In the running shoe world, it’s rare that an update is so good that it launches an unpopular shoe into the spotlight. The Mach 4 turned the Mach series from an unknown shoe series into a household name.
It came as a big surprise not only to the average runner but also to retailers who didn’t anticipate consumer demand and didn’t order enough stock of the Mach 4. Many suppliers didn’t have the Mach 4 on the shelves for months. Now, supply has finally caught up with demand and there are a wealth of size and colour options to choose from.
The Mach 4 was one of the biggest hype shoes of last year and for some very good reasons: it was extremely light for the amount of cushioning that you got, it had a superb upper which was impeccably comfortable and it was also very versatile.
After training in it last year, the Mach 4 quickly catapulted to my list of top, non-plated running shoes of the year. What made the Mach 4 so special for me was that there was no firm rubber attached to its midsole, so landings felt padded and engaging. The foam also felt really energetic and well-balanced, suitable for most types of runs.
My only concern when it came to the Mach 4 was durability. The rubberised EVA outsole shredded like butter on high wear areas so I found myself having to save the Mach 4 for special, occasional runs. It wasn’t a tough workhorse that you could put through the wringer.
Saucony’s Endorphin Speed is probably the Mach’s biggest competition even though it’s $10 more expensive.
Supersonic is a great name for the shoe because it fits with the theme of being faster than sound but the Mach Supersonic is an odd shoe because technically it’s the successor to the Mach 4 but it’s not an annual update; the Mach 5 will be launched later this year. The Mach Supersonic is a semi-update which showcases a new upper and the midsole foam, ProFly+.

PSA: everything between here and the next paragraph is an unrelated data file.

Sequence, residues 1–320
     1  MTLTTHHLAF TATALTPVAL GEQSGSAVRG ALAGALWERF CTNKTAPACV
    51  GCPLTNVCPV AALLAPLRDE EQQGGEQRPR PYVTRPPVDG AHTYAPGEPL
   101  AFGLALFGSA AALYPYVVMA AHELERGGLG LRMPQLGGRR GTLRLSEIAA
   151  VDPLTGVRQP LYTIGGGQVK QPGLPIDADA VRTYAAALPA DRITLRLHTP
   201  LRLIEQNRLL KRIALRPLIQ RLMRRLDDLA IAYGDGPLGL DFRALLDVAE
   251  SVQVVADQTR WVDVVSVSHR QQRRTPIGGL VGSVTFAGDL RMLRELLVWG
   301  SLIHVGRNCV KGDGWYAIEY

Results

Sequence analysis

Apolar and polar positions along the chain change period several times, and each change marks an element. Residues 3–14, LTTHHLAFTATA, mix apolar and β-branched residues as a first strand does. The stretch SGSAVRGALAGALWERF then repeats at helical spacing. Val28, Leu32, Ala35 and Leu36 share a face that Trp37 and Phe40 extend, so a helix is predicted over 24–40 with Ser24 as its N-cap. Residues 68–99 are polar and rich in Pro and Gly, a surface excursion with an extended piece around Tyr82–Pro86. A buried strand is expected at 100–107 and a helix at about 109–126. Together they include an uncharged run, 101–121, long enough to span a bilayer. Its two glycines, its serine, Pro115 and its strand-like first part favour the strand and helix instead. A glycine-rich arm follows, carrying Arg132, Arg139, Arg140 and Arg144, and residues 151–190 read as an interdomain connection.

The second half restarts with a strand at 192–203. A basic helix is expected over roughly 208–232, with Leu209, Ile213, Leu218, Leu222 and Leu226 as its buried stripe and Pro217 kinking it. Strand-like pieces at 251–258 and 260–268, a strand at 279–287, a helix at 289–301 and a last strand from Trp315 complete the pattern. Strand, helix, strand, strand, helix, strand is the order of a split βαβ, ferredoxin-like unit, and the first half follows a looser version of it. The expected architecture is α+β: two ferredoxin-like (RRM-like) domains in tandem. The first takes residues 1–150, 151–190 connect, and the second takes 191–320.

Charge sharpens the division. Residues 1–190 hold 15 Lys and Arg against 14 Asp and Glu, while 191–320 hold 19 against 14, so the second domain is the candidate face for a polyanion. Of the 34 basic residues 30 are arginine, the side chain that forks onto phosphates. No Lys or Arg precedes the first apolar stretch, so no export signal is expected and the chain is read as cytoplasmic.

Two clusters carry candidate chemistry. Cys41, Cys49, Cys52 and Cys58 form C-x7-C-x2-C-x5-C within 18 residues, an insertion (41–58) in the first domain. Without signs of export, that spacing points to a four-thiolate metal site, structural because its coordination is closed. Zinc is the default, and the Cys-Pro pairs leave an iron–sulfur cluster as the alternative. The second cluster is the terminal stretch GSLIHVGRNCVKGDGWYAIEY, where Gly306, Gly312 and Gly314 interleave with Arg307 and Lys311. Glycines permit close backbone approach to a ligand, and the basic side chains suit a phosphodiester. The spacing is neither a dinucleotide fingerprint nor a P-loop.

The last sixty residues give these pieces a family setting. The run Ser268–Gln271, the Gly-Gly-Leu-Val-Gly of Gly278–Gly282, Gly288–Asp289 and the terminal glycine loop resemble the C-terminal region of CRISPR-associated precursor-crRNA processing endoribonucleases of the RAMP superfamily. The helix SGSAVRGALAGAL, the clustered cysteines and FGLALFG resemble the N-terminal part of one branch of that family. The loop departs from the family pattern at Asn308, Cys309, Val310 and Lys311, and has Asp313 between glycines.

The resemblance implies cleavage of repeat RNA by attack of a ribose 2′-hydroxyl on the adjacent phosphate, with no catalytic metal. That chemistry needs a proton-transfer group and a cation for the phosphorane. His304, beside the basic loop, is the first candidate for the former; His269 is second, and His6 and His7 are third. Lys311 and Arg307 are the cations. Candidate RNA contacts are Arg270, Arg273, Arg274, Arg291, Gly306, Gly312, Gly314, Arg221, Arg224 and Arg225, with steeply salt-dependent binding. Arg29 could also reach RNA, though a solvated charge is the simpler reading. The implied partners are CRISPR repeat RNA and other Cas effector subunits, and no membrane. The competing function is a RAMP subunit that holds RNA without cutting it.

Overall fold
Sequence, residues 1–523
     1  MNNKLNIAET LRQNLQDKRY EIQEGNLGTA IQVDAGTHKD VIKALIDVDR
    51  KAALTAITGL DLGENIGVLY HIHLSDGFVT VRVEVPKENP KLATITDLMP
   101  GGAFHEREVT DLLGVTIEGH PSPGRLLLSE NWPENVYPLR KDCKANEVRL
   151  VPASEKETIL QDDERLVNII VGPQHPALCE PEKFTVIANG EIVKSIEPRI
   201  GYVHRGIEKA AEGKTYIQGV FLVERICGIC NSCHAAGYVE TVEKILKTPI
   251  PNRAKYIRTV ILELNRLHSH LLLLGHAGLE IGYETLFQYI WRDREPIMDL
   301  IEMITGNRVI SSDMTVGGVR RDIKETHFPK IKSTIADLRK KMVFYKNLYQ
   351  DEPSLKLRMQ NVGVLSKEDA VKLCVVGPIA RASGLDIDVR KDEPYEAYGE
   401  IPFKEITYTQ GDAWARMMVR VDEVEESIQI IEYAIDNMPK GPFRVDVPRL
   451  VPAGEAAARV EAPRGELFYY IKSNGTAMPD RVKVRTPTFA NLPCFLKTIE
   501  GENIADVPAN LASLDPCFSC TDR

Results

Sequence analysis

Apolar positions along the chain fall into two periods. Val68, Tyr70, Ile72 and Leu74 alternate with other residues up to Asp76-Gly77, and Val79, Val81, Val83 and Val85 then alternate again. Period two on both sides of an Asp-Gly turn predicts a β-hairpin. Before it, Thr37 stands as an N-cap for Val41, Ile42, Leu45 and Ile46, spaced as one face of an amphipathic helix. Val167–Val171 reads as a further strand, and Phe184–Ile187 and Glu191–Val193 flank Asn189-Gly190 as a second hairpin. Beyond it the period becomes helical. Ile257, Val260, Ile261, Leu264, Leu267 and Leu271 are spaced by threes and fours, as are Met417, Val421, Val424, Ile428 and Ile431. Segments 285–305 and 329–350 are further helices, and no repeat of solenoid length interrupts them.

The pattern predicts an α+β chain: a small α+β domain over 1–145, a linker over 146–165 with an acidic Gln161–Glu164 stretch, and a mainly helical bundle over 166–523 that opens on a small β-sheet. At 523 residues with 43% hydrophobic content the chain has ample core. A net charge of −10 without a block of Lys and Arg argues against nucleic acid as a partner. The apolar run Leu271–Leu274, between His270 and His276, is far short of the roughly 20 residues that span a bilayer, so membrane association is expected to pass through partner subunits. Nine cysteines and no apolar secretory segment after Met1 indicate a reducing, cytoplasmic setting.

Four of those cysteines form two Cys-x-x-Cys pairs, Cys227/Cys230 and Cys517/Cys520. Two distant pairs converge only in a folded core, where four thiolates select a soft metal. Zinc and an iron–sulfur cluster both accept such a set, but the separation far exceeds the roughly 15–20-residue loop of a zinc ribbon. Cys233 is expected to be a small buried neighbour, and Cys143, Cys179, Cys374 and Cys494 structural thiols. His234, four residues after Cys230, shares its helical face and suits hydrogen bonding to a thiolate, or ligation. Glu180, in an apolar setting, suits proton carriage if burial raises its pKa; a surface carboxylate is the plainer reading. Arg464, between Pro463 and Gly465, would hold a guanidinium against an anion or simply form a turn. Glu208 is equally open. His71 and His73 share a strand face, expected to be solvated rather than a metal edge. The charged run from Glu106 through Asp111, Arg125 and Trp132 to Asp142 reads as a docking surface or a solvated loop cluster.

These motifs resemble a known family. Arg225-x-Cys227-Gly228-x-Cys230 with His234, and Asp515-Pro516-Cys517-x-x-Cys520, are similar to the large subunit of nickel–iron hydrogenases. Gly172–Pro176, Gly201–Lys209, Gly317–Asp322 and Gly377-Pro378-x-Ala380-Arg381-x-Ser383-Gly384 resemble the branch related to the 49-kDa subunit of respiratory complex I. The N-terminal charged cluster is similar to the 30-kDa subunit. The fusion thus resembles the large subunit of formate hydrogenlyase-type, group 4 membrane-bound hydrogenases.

On the Hoka website, they state that the Mach 4 was designed for logging everyday miles: they saw it as a daily trainer. However, the Mach Supersonic is built to go fast; it’s designed for speed.
The Mach Supersonic weighs 8.4 oz (238 g), which is 0,4 oz (11 g) heavier than the Mach 4. It also costs $20 more however it has the same midsole stack heights and heel to toe offset as the Mach 4.
Hoka Mach Supersonic First Impressions
The first time I saw pictures of the Mach Supersonic, the new ProFly+ foam was the thing that caught my attention. A supercritical foam like ProFly+ should theoretically make the Mach lighter and livelier.
When I tried it on in the store, the most noticeable change was that the fit felt more narrow than in the previous versions. Walking around in the store, the cushioning also felt denser and firmer than the Mach 4.
My first run was an easy 9 kilometres and my initial thought was that the Mach Supersonic didn’t feel like an easy day shoe anymore. It felt more responsive, more suited to speed workouts and faster paces.
My second run was a speed workout consisting of short 300 and 400 metre sprints. The Mach Supersonic felt much better on that run than the first run. It felt extremely snappy for a non-carbon plated trainer and transitions were very smooth.
I also noticed a little bit of a loose heel which I never experienced with the Mach 4. This was probably due to the extra cushioning which was present in the upper.
The Mach Supersonic felt slightly blocky and stiff initially. It took a couple runs for the foam to soften up and become more flexible.
Hoka Mach Supersonic Sole Unit
The Mach Supersonic excels at fast paces below 5 minutes per kilometre. Its new ProFly+ midsole has less give so this firmer toe-off makes it easier to pick up the pace in the Supersonic.
Steady, tempo and workout runs are what I use the Mach Supersonic for. This is the fastest-feeling plateless trainer that I’ve used. It has a forefoot which is relatively stiff for a non-plated shoe so it still feels really snappy. You get the benefits of speed but with natural-feeling transitions.
A buttery-smooth ride is one of the most noticeable characteristics of the Mach Supersonic. Because of the full ground contact outsole and the absence of outsole rubber, landings feel padded, almost like you’re running on a foam yoga mat.